State-run Polish oil and gas company PGNiG urged the European Commission today (18 May) to take a tough stance in its antitrust investigation into Gazprom, saying the Russian company should have to pay a fine and sell assets.
Bulgaria’s Boyko Borissov is bound to be Prime Minister for a third time. In recent months he has confessed to following the advice of astrologers, who advised him not to unveil the new government before 4 May.
The European Union has offered to negotiate with Russia on behalf of its member states about the Nord Stream 2 gas pipeline, which aims to bring Russian gas to Germany under the Baltic Sea, Danish newspaper Politiken reported yesterday (29 March).
The Third Energy Package does not apply to Nord Stream 2, as it doesn’t apply to any of the existing or future import pipelines into the EU internal market, and the European Commission accepts that, Sebastian Sass told EURACTIV.com in an exclusive interview.
The European Commission’s efforts to integrate the EU internal market and diversify the gas supply away from a single supplier along the Central European model have started to pay off. Yet, risks lie ahead, write Martin Vladimirov and Sijbren de Jong.
In a wide-ranging interview, Vladimir Chizhov, the Russian ambassador to the EU, spoke to EURACTIV.com about energy relations, sanctions and eastern Ukraine, multi-speed Europe, elections, referendums, covert action, and Donald Trump.
As the European Commission announced a settlement with Gazprom on Monday (13 March), officials told EURACTIV.com it was "highly likely" that the executive will approve the controversial Nord Stream 2 pipeline project.
The Commission published Gazprom's commitments on Monday (13 March) to end a five-year antitrust case and avoid fines heavy fines. As part of the package, Gazprom agreed not to seek any damages from its Bulgarian partners following the termination of South Stream.
Ukrainian state energy company Naftogaz is seeking to join Polish gas firm PGNiG in a court case challenging the European Union's decision to give Russia's Gazprom more access to the Opal gas pipeline in Germany.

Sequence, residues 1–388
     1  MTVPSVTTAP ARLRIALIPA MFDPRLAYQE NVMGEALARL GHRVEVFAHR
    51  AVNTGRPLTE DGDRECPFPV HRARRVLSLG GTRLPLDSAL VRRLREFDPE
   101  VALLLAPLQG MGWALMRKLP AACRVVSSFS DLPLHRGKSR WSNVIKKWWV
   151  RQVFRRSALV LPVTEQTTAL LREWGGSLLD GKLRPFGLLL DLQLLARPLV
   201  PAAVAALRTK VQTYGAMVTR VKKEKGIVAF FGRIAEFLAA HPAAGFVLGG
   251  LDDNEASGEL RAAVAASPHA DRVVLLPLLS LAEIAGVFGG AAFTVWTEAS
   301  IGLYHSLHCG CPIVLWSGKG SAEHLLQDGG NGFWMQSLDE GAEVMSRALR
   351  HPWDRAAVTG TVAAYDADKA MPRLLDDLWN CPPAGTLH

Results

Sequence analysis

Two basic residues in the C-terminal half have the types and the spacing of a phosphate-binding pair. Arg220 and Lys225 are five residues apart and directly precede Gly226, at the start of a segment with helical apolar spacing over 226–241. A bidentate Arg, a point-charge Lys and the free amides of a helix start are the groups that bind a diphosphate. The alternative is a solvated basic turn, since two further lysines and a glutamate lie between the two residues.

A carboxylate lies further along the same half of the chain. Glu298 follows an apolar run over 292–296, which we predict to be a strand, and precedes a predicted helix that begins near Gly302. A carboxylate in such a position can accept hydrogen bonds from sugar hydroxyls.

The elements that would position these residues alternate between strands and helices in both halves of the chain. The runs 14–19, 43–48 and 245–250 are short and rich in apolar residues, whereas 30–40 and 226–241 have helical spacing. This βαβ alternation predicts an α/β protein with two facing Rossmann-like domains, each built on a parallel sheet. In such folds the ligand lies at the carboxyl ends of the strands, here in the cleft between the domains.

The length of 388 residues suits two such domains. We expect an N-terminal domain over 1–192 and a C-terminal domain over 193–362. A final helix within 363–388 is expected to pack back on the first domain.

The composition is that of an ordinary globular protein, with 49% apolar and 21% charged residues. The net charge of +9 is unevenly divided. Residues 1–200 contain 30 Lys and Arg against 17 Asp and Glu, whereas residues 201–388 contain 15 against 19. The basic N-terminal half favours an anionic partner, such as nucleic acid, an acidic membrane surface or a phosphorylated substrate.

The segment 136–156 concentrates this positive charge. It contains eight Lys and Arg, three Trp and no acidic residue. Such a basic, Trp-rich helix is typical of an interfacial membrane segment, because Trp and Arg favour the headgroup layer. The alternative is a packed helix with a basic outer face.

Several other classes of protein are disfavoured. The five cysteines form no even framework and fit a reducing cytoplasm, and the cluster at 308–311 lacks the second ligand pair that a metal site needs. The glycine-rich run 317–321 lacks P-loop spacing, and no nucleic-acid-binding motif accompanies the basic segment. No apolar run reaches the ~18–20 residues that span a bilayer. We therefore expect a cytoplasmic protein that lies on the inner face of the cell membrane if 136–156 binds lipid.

Gazprom's bid to tap into a pipeline meant to wean Europe off Russian gas threatens to undermine a pillar of European energy policy and slow plans to develop rival deposits in the eastern Mediterranean.
European Commission Vice-President for Energy Union Maroš Šefčovič warned today (30 January) against over-simplifying how much capacity Gazprom could use of the Opal pipeline, which carries gas via Nord Stream under the Baltic Sea to Germany and the Czech Republic.
An official with Ukraine's Naftogaz told EURACTIV.com today (6 January) that EU countries need not fear a disruption of gas supplies, despite Russian warnings that a harsh winter may trigger a crisis similar to those of 2006 and 2009.
Vladimir Chizhov, Russia's ambassador to the EU, warned in an interview published on Tuesday (3 January) of the risk for European countries of remaining in the cold, as Ukraine is pumping gas from the underground storage intended to ensure the security of supply in winter.
Ukrainian gas company Naftogaz has asked the EU today (19 December) to send a monitoring mission immediately to entry and exit points of Ukraine’s gas transport system, in an effort to prevent another gas crisis.
Poland has appealed to the European Court of Justice over a European Commission decision to give Gazprom more capacity on the Opal gas pipeline through Germany, Polish media reported yesterday (18 December), citing a foreign ministry spokesperson.
Russian energy Minister Alexander Novak has called a $6.6 billion fine imposed by a court in Ukraine on his country’s gas export monopolist Gazprom illegal, and warned of “new risks for European consumers”.